Chicago: Dan, your comments about Cheney being "off the reservation" in his Georgia comments, and the "Cheney loyalists" engaging in late-term administrative rulemaking in defiance of Bolten's missive, provide additional ammunition to those (like me) who contend that the current administration is more the "Cheney administration" than the "Bush administration."
This squares with Suskind's revelation that early on in this administration Bush got petulant because cabinet members were directing their comments to Cheney (and not Bush) in meetings where both were present. Bush went so far as to tell Cheney to "step back" in those meetings (to allow Bush the appearance of being in charge). Cheney agreed to take notes during those meetings -- and then discuss the issues with Bush privately afterward (read: tell Bush what to do). Your thoughts?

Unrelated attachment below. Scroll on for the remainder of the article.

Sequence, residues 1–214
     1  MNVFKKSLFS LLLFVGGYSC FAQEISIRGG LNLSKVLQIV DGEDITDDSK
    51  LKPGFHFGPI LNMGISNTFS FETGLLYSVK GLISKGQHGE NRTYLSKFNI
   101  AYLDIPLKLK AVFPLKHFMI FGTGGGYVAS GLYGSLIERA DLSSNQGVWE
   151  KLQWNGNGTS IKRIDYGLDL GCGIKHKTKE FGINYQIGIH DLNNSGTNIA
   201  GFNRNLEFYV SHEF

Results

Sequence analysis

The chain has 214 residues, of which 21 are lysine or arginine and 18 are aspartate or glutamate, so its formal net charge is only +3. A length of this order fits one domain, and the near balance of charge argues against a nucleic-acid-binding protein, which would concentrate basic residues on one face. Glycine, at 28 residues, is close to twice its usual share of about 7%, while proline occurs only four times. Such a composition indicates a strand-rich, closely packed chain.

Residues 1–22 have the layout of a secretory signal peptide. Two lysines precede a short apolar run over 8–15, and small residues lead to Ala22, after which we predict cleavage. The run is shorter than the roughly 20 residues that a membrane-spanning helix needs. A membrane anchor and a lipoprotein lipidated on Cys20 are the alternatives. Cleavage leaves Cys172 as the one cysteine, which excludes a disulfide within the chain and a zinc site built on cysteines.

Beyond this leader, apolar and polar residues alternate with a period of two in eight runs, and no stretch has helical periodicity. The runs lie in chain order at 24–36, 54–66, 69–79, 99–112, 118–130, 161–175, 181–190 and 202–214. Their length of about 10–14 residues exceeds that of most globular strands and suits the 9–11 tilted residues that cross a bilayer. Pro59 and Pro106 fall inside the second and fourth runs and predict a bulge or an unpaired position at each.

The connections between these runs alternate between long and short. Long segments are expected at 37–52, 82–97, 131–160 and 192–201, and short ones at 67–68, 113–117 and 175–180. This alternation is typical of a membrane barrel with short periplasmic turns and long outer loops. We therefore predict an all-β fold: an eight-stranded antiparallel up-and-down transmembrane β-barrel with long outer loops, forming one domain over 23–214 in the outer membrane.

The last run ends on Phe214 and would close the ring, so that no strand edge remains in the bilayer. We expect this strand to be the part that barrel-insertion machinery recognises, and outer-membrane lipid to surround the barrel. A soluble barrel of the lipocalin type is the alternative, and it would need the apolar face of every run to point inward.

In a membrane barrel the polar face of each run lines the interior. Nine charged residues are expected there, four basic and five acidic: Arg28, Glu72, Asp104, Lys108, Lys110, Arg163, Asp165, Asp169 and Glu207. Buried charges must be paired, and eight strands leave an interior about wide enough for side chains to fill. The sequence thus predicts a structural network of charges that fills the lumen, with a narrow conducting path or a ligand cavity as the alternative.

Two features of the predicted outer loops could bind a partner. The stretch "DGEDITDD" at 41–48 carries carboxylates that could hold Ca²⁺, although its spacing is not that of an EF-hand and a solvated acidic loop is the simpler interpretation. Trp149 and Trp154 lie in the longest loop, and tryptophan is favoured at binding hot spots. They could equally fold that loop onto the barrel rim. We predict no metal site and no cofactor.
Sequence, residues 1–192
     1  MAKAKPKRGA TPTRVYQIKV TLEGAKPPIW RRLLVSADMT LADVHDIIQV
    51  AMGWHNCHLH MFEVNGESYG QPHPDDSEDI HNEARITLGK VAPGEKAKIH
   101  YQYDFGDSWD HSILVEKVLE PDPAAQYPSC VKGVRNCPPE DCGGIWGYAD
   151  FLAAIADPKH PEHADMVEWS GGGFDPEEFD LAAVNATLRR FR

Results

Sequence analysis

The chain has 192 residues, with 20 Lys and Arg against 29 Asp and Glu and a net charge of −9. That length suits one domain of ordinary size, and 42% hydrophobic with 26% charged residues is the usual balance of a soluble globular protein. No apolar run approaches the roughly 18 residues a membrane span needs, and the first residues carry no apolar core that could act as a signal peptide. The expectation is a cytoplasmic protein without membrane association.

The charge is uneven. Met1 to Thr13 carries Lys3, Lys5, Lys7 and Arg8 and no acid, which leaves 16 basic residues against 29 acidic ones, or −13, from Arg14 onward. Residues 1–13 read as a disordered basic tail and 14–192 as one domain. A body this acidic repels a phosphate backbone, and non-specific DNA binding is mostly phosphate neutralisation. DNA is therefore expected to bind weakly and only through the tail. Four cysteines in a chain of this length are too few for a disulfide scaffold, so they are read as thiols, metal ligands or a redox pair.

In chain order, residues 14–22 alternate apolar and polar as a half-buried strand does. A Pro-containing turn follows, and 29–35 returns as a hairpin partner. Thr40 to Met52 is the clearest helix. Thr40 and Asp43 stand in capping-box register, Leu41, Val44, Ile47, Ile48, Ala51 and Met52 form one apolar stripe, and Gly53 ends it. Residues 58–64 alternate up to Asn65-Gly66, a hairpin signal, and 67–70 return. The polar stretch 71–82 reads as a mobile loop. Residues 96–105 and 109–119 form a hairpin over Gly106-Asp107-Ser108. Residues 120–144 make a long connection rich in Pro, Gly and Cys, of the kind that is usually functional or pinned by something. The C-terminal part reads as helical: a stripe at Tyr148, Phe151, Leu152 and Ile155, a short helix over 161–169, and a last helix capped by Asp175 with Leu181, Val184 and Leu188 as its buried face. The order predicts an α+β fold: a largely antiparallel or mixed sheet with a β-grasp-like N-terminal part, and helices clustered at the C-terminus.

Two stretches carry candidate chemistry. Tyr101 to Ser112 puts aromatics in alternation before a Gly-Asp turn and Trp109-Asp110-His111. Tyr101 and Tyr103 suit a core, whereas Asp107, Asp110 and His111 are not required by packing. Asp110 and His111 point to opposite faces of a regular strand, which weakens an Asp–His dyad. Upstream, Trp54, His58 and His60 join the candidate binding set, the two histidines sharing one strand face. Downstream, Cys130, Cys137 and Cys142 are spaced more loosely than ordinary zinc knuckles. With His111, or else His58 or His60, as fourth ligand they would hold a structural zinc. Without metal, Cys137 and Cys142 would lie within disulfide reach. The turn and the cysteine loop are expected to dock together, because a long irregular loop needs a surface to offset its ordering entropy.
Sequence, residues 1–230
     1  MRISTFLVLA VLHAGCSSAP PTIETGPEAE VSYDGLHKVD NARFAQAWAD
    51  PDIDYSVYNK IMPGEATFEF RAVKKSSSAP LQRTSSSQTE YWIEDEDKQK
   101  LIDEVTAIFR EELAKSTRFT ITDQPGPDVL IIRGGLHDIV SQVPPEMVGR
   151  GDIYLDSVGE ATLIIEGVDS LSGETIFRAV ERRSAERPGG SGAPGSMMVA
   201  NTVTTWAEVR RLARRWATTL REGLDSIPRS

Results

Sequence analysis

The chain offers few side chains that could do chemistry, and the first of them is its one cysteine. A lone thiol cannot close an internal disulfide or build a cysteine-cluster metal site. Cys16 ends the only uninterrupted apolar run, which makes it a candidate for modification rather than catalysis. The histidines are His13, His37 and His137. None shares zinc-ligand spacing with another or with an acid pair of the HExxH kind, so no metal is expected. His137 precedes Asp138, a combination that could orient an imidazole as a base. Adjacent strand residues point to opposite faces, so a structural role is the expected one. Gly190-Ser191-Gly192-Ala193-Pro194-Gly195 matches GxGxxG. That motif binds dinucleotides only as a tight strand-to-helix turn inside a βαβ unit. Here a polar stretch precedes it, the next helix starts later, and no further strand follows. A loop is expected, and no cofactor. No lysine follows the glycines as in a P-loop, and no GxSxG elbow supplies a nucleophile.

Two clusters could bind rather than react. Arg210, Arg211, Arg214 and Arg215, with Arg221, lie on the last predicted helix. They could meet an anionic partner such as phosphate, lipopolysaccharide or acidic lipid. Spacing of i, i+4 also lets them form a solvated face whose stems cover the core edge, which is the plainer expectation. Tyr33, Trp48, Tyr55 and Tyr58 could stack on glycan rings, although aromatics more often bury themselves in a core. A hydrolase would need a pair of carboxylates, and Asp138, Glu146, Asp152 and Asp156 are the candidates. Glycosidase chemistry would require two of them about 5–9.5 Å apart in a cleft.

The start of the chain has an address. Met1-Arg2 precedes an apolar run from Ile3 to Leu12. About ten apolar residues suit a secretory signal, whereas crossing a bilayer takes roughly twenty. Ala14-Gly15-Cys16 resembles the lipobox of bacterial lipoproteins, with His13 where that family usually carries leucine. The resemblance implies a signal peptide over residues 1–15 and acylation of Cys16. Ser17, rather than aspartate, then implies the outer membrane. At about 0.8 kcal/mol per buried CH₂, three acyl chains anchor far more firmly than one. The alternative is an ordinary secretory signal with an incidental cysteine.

Dan Froomkin: One of the themes that runs through pretty much all 1,000 of my columns is that Cheney is running his own operation - and that at least some of the time, his is the operation that matters.
Champaign, Ill.: Hi Dan. Congrats on the 1000th column. I am almost finished with Suskind's book, and the most astonishing fact for me was not the forged letter trying to tie Atta to Iraq, but the on-the-record statement by the former head of MI6 that they provided Washington with information a month before the invasion indicating Iraq had no WMD and the Bush administration ignored it.